This week I turned old green towels into a crocodile. I’d say it worked well, because this croc is scaring my 2 year old when it is in the hands of my 4 year old. So if you, like me, have things in the house that go into the category of “might come in handy sometime” keep on reading for some inspiration of what that handy might be.
So, meet the model! This is the alligator we brought from our holiday in Florida. For you animal lovers out there, I know this is an alligator, but changing it into a washing mitten makes these features unrecognisable, so I will use crocodile and alligator as I please.
My starting point was looking through my stuff, and see which colours I had. I found a lovely match with the dark green one, combined with the light green one. I could have gone for a snake, but since I know crocodiles are a hit in this house, I decided to go with that. If you are lucky to find an old yellow one you might go with a giraffe? This would work really well if you make the mitten extra long, like the neck of this particular animal! Or a lion?
When you go though your old towels, keep in mind this is only for the big surfaces,. For the smaller add-ons (like teeth) you will have to go for a single layer fabric that can be cut without fraying, like fleece for example. Towelling is quite thick, you need them to dry as fast as possible.
Before starting, try and get a clear image in your head of the shape of the animal. The model I had worked really well, so make sure you have a model or even pictures from the web might work. Than draw the features of the animal, what you would think works. Just on a piece of paper, very simple shapes.
Apart form the general shape, think about the following; what kind of animal do you want it to be? A funny one, with extra large ears or eyes? Making eyes bigger has the effect of making an animal look cute, or baby like, which is what I went for. Making it realistic is also an option, but a very difficult one as you are working with said thick fabrics. Much detail will be lost.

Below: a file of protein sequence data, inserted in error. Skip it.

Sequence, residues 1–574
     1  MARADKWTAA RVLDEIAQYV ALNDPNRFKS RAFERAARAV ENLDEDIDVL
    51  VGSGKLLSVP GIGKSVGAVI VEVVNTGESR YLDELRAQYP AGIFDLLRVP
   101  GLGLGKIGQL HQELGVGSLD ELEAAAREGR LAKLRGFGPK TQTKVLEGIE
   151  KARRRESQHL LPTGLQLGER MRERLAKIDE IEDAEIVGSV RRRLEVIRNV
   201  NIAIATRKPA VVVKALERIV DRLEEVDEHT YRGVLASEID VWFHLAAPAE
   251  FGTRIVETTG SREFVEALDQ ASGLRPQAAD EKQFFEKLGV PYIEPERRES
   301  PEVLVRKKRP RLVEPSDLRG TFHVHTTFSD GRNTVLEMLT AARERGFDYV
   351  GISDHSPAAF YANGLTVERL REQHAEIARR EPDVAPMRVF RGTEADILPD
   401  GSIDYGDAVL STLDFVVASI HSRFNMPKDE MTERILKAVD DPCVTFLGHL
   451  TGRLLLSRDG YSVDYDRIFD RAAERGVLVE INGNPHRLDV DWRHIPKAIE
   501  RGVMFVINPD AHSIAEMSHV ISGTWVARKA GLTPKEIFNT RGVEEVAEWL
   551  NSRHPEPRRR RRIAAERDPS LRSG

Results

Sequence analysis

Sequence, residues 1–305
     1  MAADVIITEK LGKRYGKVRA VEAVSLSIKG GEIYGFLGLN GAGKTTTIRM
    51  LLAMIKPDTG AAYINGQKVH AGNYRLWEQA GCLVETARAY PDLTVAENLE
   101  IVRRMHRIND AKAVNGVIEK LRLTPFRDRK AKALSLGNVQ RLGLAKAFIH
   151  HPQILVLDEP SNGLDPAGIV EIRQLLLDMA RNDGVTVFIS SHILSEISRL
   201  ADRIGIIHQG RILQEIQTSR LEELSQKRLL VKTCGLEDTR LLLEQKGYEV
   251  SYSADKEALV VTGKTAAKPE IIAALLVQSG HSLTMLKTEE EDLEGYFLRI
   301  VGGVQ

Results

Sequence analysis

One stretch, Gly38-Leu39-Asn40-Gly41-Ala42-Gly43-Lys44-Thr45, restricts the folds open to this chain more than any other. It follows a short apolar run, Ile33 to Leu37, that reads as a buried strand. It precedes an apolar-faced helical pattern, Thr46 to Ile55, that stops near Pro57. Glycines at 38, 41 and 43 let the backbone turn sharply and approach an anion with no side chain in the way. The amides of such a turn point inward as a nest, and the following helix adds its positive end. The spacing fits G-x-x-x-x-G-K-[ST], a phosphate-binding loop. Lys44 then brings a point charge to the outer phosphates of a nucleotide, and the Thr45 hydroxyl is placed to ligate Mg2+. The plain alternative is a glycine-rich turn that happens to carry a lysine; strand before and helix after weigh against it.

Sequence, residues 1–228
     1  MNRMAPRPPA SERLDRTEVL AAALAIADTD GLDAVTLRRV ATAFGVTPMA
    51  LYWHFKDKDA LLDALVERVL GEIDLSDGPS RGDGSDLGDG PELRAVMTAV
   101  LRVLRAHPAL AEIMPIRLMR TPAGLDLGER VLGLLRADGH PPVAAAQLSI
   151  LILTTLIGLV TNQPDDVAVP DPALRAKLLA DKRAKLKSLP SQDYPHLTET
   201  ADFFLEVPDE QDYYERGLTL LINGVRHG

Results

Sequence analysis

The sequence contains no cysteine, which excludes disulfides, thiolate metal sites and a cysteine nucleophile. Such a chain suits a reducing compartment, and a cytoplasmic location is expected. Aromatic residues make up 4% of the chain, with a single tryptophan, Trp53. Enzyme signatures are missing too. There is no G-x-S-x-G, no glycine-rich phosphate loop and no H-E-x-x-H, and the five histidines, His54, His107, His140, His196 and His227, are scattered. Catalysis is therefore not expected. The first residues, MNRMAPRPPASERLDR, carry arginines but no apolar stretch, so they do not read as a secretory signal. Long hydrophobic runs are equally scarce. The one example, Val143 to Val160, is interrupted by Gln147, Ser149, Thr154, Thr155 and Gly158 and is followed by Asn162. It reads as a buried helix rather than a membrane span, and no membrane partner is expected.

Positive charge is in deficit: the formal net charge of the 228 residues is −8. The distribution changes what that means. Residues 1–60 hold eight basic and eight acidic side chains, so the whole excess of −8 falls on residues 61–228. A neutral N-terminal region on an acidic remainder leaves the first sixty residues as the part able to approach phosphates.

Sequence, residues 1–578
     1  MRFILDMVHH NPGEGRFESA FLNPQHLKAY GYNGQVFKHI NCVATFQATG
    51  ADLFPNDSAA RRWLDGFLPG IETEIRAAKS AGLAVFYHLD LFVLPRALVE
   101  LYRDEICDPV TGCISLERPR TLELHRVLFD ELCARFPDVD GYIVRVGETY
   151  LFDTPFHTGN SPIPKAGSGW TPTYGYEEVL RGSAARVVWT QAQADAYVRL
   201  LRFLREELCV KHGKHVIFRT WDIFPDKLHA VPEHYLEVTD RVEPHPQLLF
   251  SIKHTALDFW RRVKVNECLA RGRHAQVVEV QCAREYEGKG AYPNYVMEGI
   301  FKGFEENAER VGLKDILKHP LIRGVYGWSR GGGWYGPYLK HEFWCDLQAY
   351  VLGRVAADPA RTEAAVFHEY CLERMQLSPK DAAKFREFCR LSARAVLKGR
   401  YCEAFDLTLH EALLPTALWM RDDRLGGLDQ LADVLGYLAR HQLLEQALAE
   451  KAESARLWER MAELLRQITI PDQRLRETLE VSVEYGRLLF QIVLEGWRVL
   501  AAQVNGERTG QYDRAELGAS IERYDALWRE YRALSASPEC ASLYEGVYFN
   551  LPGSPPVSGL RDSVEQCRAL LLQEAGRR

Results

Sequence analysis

Just after that you will need to draw again, on pattern paper this time. I will try and explain more detailed how I did the mouth, because that is what is setting this beast apart from other animal type of washing-mitten!
I started by using a mitten I already had. One side will be the top of the head, the other side the mouth & bottom. You need to draw the bottom with a seam, horizontally, a little below the centre which will be the mouth. Than make a shape in 2 layers that will be the bottom jaw. This might be easier to understand through the pictures.
Now, as you are cutting and redrawing the flat patterns anyway, you might want to add a few more features of the animal. For example adding a bit of room where the shape of an animals head is thicker or higher. I added a little room where the eyes of the animal are. At the same time trying to shape the side of the crocs head. The nose is a lose part, but I needed this seam to attach it. The nose is a round shape with a flat bottom. After I folded it double I stitched it half a centimetre from the centre until a little over half. That makes it standing up after I sew the seams of the head together. How I did the nose might also be a good way to do an ear on your animal?
Take care in what order you close all the pieces, as you need to make sure your thumb can get into the bottom of the mouth. The eyes I attached manually, whilst shaping the black of the pupil. Depending on your animal, you can go crazy on the eyes, think of a cat eye for example. Or the teeth for example, maybe you should make one gold!
The tongue was supposed to be the funniest part of this particular alligator. But the teeth turned out to be much more ridiculous than I expected as you can see on the pictures.
It was much fun doing this, please let me know if you are going to give it a try. I would love to think with you on what to make and how to give it the best shape!